Are Unpaid Internships Legal in California?
Nick Ferraro | August 26, 2021 | Employment Law
It’s not uncommon for California employers to offer students and recent graduates unpaid internships instead of paid employment opportunities. They may present these internships as beneficial learning opportunities.
However, you may wonder whether it’s legal to offer unpaid internships in California. The answer is “sometimes.” The lawfulness of an unpaid internship depends on a number of factors.
Does an Unpaid Internship in California Pass the “Seven Tests”?
The Fair Labor Standards Act (FLSA) prevents employers from taking advantage of American workers in key ways. The U.S. Department of Labor has cited the FLSA to identify seven factors that courts use to determine who is the “primary beneficiary” of an employer-intern relationship. This can help determine whether an unpaid intern actually qualifies as an employee who deserves to be compensated for their work.
The factors are as follows:
Understanding There is No Expectation of Compensation
There should be no expectation of compensation in an unpaid internship. An intern may be an employee if the employer promises compensation in any non-educational form. This promise may be express or implied.
Courts may examine whether an intern is receiving education and/or training similar to what they would receive via an educational institution when determining if they are an employee or an intern.
Connection to Formal Education
An internship should relate to an intern’s formal education. For example, an internship may provide course credit, or it might involve completing coursework.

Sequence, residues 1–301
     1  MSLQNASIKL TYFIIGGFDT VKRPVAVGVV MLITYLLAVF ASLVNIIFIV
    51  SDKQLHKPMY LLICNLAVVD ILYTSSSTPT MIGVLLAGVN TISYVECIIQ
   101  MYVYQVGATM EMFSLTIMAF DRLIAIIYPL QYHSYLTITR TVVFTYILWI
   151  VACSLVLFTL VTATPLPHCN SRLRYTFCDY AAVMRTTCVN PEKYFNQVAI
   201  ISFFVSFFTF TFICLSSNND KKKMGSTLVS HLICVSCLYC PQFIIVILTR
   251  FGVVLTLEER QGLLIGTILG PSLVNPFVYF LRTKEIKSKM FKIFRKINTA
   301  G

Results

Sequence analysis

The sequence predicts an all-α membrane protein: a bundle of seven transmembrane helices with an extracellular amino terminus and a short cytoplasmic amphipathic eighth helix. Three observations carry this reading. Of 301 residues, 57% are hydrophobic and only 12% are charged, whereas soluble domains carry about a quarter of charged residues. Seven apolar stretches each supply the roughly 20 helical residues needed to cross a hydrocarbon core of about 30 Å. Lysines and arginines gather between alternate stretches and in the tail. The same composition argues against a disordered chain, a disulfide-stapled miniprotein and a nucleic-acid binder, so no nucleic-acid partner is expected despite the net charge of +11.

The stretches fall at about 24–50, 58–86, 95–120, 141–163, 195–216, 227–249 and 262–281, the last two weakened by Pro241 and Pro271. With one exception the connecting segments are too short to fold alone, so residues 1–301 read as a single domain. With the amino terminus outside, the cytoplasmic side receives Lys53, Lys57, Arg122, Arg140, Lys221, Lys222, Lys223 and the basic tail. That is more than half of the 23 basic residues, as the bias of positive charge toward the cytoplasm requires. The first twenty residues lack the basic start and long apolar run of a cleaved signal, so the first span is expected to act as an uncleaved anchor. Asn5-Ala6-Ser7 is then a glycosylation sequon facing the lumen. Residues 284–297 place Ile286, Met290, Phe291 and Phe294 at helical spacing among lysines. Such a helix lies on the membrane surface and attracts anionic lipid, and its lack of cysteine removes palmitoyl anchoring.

Does the length of an internship provide an intern with educational benefits? This is another question a court may ask to discern whether an intern is actually an employee. They might also ask if an internship is too long relative to the educational benefits of the internship.
The Nature of the Work
This can be a complex factor to evaluate. Generally, an intern’s work should provide them with educational benefits. An intern’s work should complement the work of paid employees — not replace it.
The Promise of a Job
An internship can potentially lead to a paid job. However, an internship should not involve the promise of a paid position upon the internship’s completion. An internship may not be legal if the employer promises an intern a job after the expiration of the internship.
Evaluating Whether Your Unpaid Internship is Lawful
Courts tend to consider the seven factors listed above when there are disputes about the legality of an internship.
Ask yourself the following questions if you suspect your internship is unlawful:
- Is my internship providing me with genuine educational benefits?
- Is there a direct relationship between my internship and my formal education?
- Have I been promised a job or any other form of compensation besides education and training?
- Does it seem like I’m performing the type of work an employee should be performing?
- Is my internship long enough to yield educational benefits? Is it longer than it should be relative to the educational benefits it’s providing?
If you have any doubts about whether your internship is legal, contact an employment lawyer. Specifically, find one who handles wage and hour dispute cases. An attorney can review your case and determine if taking legal action is necessary.